The Irish setter is not a new breed of dog. We can find a reference to a setter dog as long ago as the 16th century. But the Irish Setter we know today was originally given that name because it was used widely in the Emerald Isle. It was in Ireland that major breeding work in the early 1700s took place. The Irish Setter breed has long been known as a superb hunting and field game dog.
It was in Dublin, Ireland in 1886 that the first Irish Red Setter Club was established. The national bus company in Ireland today uses the Irish Setter as its corporate logo. But its fame and popularity has spread. The Irish Setters first arrived in the United States in the early 1800s and quickly became a favourite with hunters in many states.
The Red Setter was not always red
In its earliest days, and in many cases still today, the Irish setter was a red dog. It’s long and glorious coat was made even more distinctive because of its red color. But as breeding changed so that the Llewellin and English Setters intermixed with the Irish setter, the appearance of the all red Irish Setter began to change. Today the deep orange-red color can include flashes of white around the neck, the chest, on the feet and at the end of the tail.
The Irish Setter, sometimes called the Red Setter, has featured prominently in both real and fictional situations. The character Big Red has appeared in literature and on the silver screen as have many other Irish Setters in paintings and songs. Famous people including presidents, governors and even a tsar of Russia have all owned Irish Setters. The breed is formally recognized in many countries.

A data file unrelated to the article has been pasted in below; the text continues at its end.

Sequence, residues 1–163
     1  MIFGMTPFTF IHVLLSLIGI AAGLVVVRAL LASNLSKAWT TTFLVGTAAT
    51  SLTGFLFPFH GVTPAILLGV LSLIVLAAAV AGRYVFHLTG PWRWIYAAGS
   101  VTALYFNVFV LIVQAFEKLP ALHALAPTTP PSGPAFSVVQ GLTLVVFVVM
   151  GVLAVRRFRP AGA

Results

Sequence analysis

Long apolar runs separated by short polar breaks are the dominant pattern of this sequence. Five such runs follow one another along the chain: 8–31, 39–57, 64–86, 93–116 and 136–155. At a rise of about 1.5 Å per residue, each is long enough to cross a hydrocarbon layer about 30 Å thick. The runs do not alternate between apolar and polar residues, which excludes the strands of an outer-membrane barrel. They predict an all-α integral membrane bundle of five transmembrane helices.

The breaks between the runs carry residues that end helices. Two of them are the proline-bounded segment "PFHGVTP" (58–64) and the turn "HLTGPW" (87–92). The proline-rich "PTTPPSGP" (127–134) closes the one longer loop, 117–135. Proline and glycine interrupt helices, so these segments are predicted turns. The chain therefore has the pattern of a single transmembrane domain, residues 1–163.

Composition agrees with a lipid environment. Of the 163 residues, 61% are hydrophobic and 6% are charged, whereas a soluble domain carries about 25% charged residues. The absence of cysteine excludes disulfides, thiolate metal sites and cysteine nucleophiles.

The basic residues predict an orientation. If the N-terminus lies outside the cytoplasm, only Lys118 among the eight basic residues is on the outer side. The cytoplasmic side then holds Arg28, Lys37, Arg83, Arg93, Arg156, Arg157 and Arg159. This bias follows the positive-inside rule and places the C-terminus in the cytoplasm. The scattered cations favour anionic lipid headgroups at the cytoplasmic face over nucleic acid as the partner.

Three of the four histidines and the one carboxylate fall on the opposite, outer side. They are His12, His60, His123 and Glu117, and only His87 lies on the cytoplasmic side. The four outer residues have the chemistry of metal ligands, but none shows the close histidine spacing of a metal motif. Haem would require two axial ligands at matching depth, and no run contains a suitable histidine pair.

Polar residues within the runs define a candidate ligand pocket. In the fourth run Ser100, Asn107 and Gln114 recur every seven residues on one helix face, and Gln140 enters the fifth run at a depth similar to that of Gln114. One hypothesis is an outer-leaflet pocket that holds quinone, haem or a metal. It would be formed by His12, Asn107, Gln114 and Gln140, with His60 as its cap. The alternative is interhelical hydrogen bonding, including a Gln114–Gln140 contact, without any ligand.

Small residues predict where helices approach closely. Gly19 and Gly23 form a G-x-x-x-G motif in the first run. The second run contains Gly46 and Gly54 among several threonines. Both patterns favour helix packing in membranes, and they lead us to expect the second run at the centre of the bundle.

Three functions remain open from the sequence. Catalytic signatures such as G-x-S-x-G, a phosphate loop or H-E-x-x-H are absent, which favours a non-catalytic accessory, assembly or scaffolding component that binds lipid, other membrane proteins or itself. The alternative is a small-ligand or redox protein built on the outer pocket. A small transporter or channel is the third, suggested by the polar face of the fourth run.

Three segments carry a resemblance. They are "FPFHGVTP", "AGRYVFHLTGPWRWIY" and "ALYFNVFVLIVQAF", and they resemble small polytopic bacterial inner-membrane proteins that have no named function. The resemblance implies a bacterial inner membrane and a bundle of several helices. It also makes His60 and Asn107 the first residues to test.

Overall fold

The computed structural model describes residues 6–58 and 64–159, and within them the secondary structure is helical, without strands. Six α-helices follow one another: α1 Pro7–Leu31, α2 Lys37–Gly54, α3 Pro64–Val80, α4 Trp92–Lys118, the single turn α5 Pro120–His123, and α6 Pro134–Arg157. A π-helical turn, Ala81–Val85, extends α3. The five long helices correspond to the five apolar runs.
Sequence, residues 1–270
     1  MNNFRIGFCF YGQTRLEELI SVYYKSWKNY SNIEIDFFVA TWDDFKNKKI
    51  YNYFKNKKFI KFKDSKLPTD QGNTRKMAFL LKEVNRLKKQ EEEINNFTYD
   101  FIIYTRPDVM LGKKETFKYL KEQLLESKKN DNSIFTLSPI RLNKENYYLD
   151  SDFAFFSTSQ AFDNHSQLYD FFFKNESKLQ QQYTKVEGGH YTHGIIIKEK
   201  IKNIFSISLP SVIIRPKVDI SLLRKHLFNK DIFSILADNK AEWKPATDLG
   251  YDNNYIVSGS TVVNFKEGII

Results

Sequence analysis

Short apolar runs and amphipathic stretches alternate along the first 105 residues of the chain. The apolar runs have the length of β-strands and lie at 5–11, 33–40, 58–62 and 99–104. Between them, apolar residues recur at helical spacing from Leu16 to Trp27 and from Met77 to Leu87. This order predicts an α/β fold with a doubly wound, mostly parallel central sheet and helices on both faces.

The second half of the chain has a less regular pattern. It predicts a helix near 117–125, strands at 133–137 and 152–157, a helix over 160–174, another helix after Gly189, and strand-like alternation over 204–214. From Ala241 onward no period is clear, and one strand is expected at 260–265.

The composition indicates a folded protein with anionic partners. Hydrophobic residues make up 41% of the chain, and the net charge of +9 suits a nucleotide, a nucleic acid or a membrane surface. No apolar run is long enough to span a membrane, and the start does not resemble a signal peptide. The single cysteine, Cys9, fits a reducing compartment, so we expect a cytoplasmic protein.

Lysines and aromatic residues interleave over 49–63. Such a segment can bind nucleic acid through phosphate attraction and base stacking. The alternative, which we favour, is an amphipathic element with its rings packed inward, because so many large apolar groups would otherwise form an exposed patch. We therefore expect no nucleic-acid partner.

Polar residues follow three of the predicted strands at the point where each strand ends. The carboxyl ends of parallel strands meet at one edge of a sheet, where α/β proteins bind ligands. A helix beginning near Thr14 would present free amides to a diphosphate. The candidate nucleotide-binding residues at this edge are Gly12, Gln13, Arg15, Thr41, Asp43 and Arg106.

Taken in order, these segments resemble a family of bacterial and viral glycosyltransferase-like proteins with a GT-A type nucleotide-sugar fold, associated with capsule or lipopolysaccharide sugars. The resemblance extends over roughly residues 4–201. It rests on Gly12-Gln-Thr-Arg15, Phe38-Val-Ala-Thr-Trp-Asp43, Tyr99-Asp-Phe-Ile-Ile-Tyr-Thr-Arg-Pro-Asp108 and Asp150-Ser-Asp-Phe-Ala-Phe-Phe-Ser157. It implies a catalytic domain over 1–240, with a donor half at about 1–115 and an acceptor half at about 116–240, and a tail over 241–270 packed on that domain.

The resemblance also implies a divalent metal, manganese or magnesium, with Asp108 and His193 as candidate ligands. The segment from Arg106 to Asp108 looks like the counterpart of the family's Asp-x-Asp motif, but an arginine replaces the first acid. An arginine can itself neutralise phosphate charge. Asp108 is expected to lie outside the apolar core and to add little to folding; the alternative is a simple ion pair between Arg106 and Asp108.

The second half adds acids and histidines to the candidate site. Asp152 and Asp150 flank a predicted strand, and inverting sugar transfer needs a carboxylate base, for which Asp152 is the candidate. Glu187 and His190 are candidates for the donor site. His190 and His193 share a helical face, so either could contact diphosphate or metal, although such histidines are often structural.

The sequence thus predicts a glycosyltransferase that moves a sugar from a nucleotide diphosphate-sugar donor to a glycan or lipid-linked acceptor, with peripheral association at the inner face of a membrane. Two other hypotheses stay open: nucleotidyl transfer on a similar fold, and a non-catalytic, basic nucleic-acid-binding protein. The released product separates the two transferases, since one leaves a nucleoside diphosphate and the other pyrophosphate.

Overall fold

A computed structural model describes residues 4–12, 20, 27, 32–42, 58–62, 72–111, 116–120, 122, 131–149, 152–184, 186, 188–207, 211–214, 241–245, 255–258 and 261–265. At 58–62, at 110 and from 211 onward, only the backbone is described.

At first these dogs were bred for hunting. They had many advantageous characteristics. They have boundless energy, can cover vast distances and are seemingly tireless. They work very well in wet lands and in fields. In locating a fallen bird, they are able to ‘face point’ in the direction of the game. Their sense of smell is said to be acute. It was little wonder they became so popular.
In the middle of the 20th century, the Irish Setter field dog was thought to be dying out with the showd0g variety dominating. An inter-breeding program with the English Setter saw a revival in the field version of the Irish Setter and that remains the case today.
Generally speaking, show dogs are some 50% heavier than their working-dog cousins. The working Irish Setters often have a lighter coat tending to russet or fawn. Their coat is not as silky and their feathering is shorter than their larger show-off, show-ring cousins.
And the breed has enormous appeal for families and for those who enter their animal in dog shows. Irish Setters are today thriving in homes, on farms and with families as pets.